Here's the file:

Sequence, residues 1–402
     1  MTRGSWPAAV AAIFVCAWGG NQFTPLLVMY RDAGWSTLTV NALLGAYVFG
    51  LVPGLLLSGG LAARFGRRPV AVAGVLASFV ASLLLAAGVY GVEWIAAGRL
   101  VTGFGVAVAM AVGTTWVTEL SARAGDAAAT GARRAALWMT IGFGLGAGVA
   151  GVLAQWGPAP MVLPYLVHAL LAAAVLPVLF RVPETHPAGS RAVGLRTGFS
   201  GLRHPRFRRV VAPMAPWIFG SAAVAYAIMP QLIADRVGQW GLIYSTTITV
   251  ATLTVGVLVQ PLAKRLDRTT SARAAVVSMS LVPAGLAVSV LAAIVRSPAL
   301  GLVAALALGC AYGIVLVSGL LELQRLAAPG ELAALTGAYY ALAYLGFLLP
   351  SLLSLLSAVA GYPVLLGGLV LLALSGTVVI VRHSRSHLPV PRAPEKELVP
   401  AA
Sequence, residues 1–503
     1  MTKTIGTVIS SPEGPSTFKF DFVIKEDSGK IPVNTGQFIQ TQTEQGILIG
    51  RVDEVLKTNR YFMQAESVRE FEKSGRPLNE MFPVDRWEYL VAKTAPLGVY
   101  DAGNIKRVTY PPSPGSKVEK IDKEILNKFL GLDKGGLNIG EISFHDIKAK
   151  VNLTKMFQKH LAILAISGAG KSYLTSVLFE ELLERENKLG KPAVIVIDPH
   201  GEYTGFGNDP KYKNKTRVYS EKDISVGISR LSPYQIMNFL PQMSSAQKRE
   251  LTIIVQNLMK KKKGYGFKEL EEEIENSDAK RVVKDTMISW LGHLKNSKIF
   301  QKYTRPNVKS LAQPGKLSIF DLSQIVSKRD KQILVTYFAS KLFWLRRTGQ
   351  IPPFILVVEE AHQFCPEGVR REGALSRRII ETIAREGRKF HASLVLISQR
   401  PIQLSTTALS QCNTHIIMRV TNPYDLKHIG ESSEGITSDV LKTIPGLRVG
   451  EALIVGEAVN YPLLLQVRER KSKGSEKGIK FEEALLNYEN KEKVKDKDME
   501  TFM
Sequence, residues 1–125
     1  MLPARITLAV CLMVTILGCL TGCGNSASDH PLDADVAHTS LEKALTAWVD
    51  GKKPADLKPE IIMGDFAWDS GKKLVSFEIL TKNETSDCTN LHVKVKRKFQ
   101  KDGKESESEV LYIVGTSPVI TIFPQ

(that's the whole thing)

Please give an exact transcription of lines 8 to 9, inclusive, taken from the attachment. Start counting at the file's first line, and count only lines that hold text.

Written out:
   301  GLVAALALGC AYGIVLVSGL LELQRLAAPG ELAALTGAYY ALAYLGFLLP
   351  SLLSLLSAVA GYPVLLGGLV LLALSGTVVI VRHSRSHLPV PRAPEKELVP